Heidelberg PATTON
High School, Bldg 302, Rm. ?

Term 4, 2007 - 2008
1 Apr - 22 May 08, Tuesday + Thursday,  20:00 - 22:00h
Updated 27-Mrz-08 00:57h


Astronomy Laboratory

Credit: 1 credit hour
Text: Introductory Astronomy Exercises by Dale C. Fergusson, Wadsworth Pub. Cp., Belmont, Ca, 2nd ed., 2001; ISBN 0-534-37977-X.
Instructor: Dr. Jiri Brezina
Heidelberger Str. 68
69 151 Neckargemünd-3
phone/-fax (civilian):     06223-7014/-3421
e-mail:                             http://teaching.grano.de/contact.php
business homepage:    http://www.grano.de
His GPS: N     49° 22 '40.3687",              E     8° 46' 8.5719"  
COUNSELING:  As a rule, Dr. Brezina is available in the classroom 30 minutes before each ASTR-100 meeting. Students are welcome to visit him in his Waldhilsbach laboratory, GranoMetry.
Phone calls Mo, We, Fr: 9:00 -17:30h, TuTh 9:00 -15:30h; SaSu: anytime during this term.
His curriculum vitae:

Professor Jiri Brezina received his Ph.D. from Charles University of Prague. His major is in geology with extensions in the fields of hydrodynamics and mathematical statistics. He completed three years of post-doctoral work in mechanical engineering at the University of Karlsruhe. Since then he has served as researcher and consultant to universities and corporations for design of computerized sedimentation analysis systems. In the field of astronomy, specifically Planetology, he worked for the Max Planck Institute in Heidelberg.

In January 1973, he joined the University of Maryland's European Division as adjunct faculty, in 2002 attained the rank of Professor. In January 2008, he passed the 35 year jubilee: he has taught physical science in about 350 courses with this University. Jiri says now: "I have had the pleasure of meeting more than 7000 students, and I love them all. They deserve my thanks, for they taught me a lot.”

Married and living in Waldhilsbach near Heidelberg, Dr. Brezina finds great personal satisfaction in having the opportunity to present the latest ideas and discoveries in the entire field of natural sciences, technology and ecology.


The purpose of the lab is to complement the material presented in the lecture part of the class, ASTR-100, and the lecture is a pre-requisite or co-requisite for the lab. The lab provides the student with an opportunity to apply the principles discussed in the lecture part of the class.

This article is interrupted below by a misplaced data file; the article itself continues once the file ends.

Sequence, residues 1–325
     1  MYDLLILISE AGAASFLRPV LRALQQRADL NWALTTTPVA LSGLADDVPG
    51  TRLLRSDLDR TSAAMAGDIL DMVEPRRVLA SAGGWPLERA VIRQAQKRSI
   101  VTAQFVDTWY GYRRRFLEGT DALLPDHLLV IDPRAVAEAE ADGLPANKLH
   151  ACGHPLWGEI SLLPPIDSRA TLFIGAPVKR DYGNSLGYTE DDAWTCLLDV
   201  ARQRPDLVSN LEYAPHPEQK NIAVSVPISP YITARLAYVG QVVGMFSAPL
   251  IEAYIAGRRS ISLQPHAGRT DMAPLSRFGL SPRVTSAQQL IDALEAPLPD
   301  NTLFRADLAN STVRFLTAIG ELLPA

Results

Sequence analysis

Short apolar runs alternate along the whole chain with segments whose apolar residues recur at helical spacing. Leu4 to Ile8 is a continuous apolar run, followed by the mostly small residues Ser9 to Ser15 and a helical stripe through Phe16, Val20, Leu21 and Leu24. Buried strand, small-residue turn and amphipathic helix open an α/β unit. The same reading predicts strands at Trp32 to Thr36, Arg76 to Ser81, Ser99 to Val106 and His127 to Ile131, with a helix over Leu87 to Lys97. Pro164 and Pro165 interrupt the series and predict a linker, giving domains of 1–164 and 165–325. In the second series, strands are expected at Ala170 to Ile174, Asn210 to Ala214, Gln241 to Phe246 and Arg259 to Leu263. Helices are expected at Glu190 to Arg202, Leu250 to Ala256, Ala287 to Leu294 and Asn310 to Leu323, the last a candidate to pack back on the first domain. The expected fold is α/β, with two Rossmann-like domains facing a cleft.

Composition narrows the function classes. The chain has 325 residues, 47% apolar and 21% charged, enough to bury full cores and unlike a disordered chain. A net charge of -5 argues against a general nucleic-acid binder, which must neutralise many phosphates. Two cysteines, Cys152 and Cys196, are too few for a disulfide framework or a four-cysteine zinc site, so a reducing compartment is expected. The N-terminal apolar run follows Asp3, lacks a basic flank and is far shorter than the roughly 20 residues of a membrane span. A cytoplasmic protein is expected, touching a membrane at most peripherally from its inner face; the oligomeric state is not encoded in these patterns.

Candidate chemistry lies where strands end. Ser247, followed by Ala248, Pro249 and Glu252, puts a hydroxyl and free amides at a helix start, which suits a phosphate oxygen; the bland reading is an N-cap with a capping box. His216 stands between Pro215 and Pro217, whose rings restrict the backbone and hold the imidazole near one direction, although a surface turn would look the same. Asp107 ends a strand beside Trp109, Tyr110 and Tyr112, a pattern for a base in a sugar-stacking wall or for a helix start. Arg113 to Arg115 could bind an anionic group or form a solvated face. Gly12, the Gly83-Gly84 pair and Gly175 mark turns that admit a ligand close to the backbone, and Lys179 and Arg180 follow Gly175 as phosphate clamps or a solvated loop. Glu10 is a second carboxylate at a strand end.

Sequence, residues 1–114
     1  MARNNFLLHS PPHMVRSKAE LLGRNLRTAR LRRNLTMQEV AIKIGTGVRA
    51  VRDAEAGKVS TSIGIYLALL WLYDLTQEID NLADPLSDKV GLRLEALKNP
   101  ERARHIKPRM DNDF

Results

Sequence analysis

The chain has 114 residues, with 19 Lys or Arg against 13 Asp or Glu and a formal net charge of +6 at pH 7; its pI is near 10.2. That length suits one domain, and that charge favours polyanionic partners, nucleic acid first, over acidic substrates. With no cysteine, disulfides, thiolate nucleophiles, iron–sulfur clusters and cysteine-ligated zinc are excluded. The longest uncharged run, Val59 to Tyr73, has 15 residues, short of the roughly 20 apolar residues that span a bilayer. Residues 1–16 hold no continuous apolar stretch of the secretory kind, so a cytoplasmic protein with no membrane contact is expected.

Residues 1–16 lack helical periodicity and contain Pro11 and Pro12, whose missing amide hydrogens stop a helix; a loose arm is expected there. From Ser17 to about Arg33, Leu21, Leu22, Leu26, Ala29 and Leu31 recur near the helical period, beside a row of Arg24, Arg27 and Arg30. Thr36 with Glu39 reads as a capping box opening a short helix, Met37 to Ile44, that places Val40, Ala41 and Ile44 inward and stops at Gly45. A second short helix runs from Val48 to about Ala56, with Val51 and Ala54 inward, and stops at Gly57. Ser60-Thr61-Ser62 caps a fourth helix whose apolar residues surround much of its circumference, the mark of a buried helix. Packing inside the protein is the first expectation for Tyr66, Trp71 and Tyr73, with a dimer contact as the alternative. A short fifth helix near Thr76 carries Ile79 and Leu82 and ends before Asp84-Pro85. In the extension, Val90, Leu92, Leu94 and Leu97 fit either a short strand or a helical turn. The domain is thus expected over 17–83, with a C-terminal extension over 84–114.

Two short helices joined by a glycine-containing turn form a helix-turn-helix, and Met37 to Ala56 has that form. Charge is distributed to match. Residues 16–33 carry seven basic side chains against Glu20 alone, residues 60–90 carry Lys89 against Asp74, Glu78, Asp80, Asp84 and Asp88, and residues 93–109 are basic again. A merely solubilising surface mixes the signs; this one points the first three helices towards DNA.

The nature of the lab is such that students are encouraged to work in pairs or in groups if they choose, except for tests. Tests are strictly individual projects. Academic dishonesty on any quiz will earn a grade of F(a) for the lab.

The instructor purchased recently a unique modern tool which enables identification of any object on the sky: Celestron SkyScout™. If his ASTR courses at ROB will go, he'll purchase also the GPS Telescope Meade LX90GPS 8" (at about $2000); only GPS telescopes make the observation of the whole class efficient (telescopes without GPS are too slow to be used by many users of a class).


The final grade in the lab is a letter grade based on the percentage of possible points earned during the term. Letter grades are assigned as follows:

Letter grades % of total possible points 
A 90-100 %
B 80-89 %
C 70-79 %
D 60-69 %
F(a) 59% or fewer
F(n) failure for non-attendance
W withdrawal
I incomplete*)

*) A grade of I will be assigned for the lab only under exceptional circumstances and with prior approval of the instructor. Any student who feels that there is a high probability of not completing this course for any reason should seriously consider withdrawing. A grade of I must be removed within 3 months, otherwise it becomes a permanent grade, and no credit is earned for the course.